Blogs » Politcs Plus » Water privatization is morally wrong

Subscribe


Image

An article by Newsweek's Jeneen Interlandi, made sit up and take notice of just how close we are to destroying ourselves. The article was titled “The New Oil" Should private companies control our most precious natural resource?

The author begins by describing a small town of Sitka, Alaska who has fewer than 10,000 people and is spread across 5000 square miles. This small town gets its water from Blue Lake reservoir, which holds trillions of gallons of water so pure it requires no treatment. Knowing that every year, countries are struggling to meet their water needs-the author describes the situation of this small Alaskan town as an "embarrassment of riches" because 6.2 billion gallons of Sitka's reserves go used. The citizens of Sitka Mason will soon capitalize on their treasure in a win, win situation. In a few months 80 million gallons of Blue Lake water will be siphoned into tanker trucks for shipments to Mumbai, India to be disbursed among the drought plague cities throughout the Middle East. This project will bring the city of Sitka, Alaska about $90 million annually. True Alaska Bottling and S2 Global will initially use 3 billion gallons annually, leaving Sitka about three billion gallons of unused water.

The transfer water is not new because NYC gets its water from the Catskill Mts, 125 miles away and Southern California gets its water from the Sierra Nevada Mts and the Colorado River Basin which are hundreds of miles away. The issue is not the distance but the matter of transferring public water into the hands of private companies "is morally wrong and dangerous" said James Olson, an Atty. who specializes in water rights.

Proponents of privatization continue to say that the markets of the best way to solve the problem because market price will drive consumption down in solving water scarcity. That comes with a price, because water will be sold to the highest bidder, not to the customer with the most compelling moral claim .Now that True Alaska Bottling has the exclusive rights to Sitka's water; it is in the business of making a profit, so water starving countries might have to take a backseat to Coca-Cola, Coors, and in general, the highest bidder. T. Boone Pickens wants to sell the water under his Texas panhandle ranch to thirsty cities like Dallas.

In the United States, Federal funds for repairing water infrastructure are scarce. The Obama Administration has earmarked $6 billion for repairs but EPA estimates that it will cost $300 billion. Meanwhile six billion gallons are lost to leaky pipes. Some cities like Pittsburgh, Chicago, and Santa Fe, New Mexico are not willing to put up with this anymore, so they're looking to privatize. On the surface it seems like a viable option to balance the city's budgets, keeping the water rates low, and pass off the repairs and expansion. The problem they run into is that 70 to 80% of water and sewer assets are underground, so it's virtually impossible to monitor the contractor's maintenance performance. Private operators often reduce the work force, neglect water conservation, and shift the cost of environmental violations onto the city.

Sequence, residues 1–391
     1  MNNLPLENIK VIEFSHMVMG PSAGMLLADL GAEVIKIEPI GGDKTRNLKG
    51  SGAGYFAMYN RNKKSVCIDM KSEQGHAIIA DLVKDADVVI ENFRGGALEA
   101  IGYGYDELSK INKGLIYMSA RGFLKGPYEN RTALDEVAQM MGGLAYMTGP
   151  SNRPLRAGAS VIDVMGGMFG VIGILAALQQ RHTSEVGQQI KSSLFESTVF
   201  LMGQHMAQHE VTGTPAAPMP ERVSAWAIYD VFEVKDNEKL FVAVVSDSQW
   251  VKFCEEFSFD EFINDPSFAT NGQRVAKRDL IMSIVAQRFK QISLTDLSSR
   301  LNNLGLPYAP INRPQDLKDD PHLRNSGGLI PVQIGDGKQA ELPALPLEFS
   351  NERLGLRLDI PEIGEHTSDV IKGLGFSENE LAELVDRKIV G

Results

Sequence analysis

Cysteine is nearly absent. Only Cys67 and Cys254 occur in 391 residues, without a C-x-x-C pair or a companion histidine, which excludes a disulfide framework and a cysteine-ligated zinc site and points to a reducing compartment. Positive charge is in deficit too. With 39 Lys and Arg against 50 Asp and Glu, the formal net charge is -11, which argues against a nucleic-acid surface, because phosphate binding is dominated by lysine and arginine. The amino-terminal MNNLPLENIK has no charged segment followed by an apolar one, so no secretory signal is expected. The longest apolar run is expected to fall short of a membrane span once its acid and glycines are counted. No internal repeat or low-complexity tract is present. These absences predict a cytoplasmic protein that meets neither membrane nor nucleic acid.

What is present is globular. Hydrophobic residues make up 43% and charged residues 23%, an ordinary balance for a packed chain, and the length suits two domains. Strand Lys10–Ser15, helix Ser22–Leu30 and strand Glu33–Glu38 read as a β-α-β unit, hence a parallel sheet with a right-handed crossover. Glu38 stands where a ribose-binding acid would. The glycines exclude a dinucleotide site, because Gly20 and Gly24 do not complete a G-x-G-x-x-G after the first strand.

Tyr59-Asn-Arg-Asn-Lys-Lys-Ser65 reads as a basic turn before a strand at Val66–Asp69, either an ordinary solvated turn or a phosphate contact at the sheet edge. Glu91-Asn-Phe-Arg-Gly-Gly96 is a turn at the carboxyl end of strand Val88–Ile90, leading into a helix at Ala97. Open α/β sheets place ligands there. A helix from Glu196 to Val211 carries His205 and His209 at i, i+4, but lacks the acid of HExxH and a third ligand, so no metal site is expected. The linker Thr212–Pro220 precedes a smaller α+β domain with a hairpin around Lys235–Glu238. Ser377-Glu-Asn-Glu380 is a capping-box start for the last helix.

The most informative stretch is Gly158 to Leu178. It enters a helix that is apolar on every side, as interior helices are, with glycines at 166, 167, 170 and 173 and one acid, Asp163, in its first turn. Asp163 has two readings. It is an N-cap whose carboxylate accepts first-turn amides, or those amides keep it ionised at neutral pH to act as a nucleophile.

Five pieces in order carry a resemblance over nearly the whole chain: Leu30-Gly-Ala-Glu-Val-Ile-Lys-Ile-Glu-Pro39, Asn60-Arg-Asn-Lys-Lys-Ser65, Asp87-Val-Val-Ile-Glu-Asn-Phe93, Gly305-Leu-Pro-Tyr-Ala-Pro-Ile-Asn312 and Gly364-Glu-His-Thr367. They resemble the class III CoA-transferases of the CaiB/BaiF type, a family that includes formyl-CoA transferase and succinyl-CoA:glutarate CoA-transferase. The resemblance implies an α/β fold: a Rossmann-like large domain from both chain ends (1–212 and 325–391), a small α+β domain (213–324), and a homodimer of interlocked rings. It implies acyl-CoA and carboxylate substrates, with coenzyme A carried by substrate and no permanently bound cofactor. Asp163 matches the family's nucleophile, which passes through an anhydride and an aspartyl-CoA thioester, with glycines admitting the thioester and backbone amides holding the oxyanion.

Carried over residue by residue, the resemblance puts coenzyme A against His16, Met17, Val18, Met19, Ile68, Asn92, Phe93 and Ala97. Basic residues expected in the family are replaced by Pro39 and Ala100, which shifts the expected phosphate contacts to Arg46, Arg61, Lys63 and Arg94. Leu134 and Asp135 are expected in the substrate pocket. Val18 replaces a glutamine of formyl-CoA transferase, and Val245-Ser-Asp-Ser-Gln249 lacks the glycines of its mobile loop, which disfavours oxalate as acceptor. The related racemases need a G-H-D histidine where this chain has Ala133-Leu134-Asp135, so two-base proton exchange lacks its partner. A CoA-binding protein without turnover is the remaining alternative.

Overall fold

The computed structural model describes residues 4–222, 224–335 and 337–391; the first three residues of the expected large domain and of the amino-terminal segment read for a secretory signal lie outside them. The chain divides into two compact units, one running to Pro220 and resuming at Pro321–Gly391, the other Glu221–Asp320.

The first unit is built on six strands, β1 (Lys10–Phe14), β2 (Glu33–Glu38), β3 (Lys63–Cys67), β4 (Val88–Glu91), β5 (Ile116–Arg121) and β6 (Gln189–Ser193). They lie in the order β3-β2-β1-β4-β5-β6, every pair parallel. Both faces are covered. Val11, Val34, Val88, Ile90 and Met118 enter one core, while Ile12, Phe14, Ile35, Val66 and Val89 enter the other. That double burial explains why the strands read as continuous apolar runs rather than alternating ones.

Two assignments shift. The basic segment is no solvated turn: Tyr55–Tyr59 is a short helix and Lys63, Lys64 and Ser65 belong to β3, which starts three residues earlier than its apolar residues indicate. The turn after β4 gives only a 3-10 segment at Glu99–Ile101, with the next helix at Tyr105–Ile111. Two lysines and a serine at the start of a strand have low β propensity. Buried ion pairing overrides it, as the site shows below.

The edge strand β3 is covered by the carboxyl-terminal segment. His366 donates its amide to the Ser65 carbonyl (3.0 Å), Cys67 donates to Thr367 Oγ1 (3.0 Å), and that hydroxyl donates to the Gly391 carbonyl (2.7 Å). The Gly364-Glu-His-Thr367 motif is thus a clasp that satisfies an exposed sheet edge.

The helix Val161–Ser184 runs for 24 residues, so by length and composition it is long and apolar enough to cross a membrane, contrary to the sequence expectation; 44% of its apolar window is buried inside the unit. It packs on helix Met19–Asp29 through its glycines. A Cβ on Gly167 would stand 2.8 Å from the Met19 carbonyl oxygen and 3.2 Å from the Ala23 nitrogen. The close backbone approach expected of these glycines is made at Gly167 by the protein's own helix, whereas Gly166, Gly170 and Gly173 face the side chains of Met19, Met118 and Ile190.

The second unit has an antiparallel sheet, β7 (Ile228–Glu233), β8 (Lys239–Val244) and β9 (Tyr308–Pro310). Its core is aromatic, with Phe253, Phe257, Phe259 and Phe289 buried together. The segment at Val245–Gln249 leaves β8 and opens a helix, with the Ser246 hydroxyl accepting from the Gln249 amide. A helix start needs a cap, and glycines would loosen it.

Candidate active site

Cities that are looking toward privatizing their water infrastructure should consider the expensive legal battles to get out such contracts. In 2009 Camden, New Jersey sued their contractor for $29 million in unapproved payments, water losses, poor maintenance and service disruptions. In Milwaukee, a state audit revealed that same company violated their contract by shutting down sewage pumps to save money; that move resulted in billions of gallons of raw sewage spilling into Lake Michigan.

Representatives of United Water argued that 95% of their contracts are renewed and the few bad examples do not represent the whole story. They went onto explain that the Gary public facility went private only after the EPA forced them to find it more experience operator. He went onto say the municipalities don't have the expertise to meet the new standards.

Economists call the problem; price elasticity, because no matter what water costs, we need it to survive. All the conservation in the world cannot meet the increasing demand. Wenonah Hauter, executive of the director of the nonprofit, anti privatization group, Food and Water Watch, summed it up pretty good when he said "Free- -market theory works great for discretionary consumer purchases but water is not like other commodities- it's not something people can substitute or choose to forgo."

October 18,2010 issue of Newsweek "The New Oil" by Jeneen Interlandi